'It's a threat to the state, to democracy; it's destroying all of its elements,' said Socialist Party leader Oleksandr Moroz.
Communist Party chief Petro Symonenko said the referendum would cost the cash-strapped government 'around Hr 100 million,' and called Kuchma's decree unjustified, criticizing the president for not trying to have any of the referendum issues approved by parliament.
Symonenko also accused election authorities of repeatedly refusing to register the signatures his supporters had collected in support of a referendum on abolishing the presidency.
Mykhailo Ryabets, head of the Central Election Commission, said on Jan. 19 that the referendum bill will in fact be around Hr 49 million. He also said that his commission is currently examining dosuments to register groups to collect signatures for another referendum abolishing presidency.
Human rights activists were also dissatisfied with the referendum idea, which experts have said will require amending some 30 constitutional provisions if the nation approves the changes proposed by Kuchma.
Volodymyr Malinkovich, a former Soviet dissident and the director of the Ukrainian branch of the International Institute for Humanitarian and Political Studies, called Kuchma's decree 'an attempt of state coup in Ukraine.'
'Under the present circumstances, when the most important media are tightly controlled by the executive, nobody doubts that the choice of Ukrainian citizens will not be conscious because they won't be able to study alternatives. Everybody knows what choice will be made,' Malinkovich said.
However, few lawmakers and analysts believe that Kuchma will, in fact, resort to disbanding the Rada, but instead will use the results of the referendum to threaten lawmakers into compliance when necessary.
Some analysts say that the newly formed government of Viktor Yushchenko would be the primary beneficiary of parliament's obedience as it faces a formidable task of pushing the 2000 budget and scores of economic bills through the Rada in order to keep up to its pledge of radical market reforms.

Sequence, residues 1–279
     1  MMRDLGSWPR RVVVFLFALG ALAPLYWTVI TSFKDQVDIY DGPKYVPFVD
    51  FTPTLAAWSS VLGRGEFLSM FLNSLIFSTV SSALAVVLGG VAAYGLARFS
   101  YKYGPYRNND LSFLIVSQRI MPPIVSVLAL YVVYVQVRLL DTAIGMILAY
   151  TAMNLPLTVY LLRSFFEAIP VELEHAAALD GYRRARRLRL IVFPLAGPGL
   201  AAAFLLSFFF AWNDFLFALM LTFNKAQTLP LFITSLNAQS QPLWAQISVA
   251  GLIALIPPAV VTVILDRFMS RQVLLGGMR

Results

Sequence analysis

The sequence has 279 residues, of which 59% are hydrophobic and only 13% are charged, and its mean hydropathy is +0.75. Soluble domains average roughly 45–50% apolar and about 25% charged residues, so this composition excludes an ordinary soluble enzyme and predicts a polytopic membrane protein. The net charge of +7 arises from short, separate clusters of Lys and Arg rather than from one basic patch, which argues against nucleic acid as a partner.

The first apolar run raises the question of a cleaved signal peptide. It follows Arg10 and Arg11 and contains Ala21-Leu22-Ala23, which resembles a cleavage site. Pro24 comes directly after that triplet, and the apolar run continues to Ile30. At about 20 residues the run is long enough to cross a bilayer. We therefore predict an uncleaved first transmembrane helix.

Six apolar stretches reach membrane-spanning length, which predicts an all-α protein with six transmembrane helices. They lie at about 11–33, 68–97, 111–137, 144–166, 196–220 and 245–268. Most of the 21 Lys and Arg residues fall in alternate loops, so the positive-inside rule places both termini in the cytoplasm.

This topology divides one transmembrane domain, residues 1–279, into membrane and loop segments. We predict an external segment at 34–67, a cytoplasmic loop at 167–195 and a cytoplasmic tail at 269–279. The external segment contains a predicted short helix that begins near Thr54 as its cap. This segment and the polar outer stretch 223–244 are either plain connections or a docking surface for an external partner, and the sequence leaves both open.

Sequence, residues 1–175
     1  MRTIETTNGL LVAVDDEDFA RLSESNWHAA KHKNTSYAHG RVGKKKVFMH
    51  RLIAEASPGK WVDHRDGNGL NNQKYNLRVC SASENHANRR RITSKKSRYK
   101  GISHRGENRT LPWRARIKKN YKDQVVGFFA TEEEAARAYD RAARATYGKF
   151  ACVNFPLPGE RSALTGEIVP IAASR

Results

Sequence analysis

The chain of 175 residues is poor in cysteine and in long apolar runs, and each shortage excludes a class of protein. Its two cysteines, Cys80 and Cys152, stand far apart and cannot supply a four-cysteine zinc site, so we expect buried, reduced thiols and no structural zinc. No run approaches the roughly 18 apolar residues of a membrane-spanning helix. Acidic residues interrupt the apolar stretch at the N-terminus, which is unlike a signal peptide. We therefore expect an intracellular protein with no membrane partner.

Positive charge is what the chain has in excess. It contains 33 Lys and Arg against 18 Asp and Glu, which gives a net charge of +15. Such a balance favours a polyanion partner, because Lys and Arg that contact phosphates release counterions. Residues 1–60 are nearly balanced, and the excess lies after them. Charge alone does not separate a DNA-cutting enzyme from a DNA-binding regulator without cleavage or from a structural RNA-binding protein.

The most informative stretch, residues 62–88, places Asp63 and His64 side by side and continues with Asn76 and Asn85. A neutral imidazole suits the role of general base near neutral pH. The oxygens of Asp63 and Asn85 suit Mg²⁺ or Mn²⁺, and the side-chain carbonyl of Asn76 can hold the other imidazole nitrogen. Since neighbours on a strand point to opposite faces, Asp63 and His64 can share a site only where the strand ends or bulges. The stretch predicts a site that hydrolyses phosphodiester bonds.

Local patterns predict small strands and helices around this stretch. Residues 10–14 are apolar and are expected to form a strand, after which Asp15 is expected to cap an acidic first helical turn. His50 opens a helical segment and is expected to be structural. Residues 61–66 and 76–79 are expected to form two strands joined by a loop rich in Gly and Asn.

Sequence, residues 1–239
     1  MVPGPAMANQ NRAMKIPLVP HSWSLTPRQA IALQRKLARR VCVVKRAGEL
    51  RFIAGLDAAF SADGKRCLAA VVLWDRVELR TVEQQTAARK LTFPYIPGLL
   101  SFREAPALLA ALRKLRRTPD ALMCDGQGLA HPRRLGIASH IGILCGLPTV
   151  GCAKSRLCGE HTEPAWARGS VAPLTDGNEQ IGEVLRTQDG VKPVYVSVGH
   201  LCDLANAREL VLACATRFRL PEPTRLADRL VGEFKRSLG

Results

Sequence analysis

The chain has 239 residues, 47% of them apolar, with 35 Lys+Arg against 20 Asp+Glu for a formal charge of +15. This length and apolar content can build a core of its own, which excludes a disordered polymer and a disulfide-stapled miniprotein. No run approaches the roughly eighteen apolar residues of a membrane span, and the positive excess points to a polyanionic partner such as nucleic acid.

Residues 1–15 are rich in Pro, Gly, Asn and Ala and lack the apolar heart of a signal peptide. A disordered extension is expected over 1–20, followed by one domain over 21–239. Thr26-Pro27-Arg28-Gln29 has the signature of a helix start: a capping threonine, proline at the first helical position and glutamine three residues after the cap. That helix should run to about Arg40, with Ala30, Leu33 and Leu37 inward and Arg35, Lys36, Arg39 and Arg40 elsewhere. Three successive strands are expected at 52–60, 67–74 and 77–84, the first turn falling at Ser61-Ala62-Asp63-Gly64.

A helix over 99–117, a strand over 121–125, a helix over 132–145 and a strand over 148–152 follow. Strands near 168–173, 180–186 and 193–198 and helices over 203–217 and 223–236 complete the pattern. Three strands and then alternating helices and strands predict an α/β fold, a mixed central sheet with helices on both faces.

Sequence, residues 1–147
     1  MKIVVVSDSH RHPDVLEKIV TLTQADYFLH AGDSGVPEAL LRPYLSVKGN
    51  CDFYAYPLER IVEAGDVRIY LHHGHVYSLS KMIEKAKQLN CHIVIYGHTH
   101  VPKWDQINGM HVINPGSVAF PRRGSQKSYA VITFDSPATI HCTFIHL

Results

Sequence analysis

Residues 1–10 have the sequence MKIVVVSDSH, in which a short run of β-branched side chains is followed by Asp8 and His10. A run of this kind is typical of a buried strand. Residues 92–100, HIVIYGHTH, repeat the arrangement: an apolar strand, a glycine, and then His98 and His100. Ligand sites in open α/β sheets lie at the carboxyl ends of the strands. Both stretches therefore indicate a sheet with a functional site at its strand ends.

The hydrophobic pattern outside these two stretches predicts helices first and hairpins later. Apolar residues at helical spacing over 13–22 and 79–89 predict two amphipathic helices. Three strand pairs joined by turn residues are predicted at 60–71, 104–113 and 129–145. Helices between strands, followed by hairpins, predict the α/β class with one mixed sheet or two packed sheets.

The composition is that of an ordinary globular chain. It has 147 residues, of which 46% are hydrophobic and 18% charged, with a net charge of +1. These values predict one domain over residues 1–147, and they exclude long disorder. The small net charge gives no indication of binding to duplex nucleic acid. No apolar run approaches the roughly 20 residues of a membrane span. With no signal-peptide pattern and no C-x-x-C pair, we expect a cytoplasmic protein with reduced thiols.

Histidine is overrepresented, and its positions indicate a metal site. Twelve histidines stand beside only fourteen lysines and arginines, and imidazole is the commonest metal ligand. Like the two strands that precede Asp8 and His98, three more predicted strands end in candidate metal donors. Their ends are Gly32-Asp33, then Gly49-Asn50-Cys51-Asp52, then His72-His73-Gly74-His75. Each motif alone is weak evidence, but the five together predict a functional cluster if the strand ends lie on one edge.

Kuchma himself indicated that the present legislature would survive if it became more cooperative.
'I'm not interested in dissolving parliament if it is able to work,' Kuchma said in an interview with the Zerkalo Nedeli weekly published Jan. 15.
Pro-Kuchma lawmakers, meanwhile, jumped at the opportunity to prove their allegiance to the president and tell him they wanted to stay in their seats until the next parliamentary elections in 2002.
Just two days before Kuchma called the referendum, the Rada's centrist factions announced formation of a pro-government majority. Its leaders said they attracted 241 deputies in the 450-seat Rada to their ranks.
The new group, however, flunked its first major test just 20 minutes after it announced its formation.
The pro-Kuchma factions failed to muster enough votes to approve the government's budget draft for 2000, entailing the postponement of the budget debate until early February.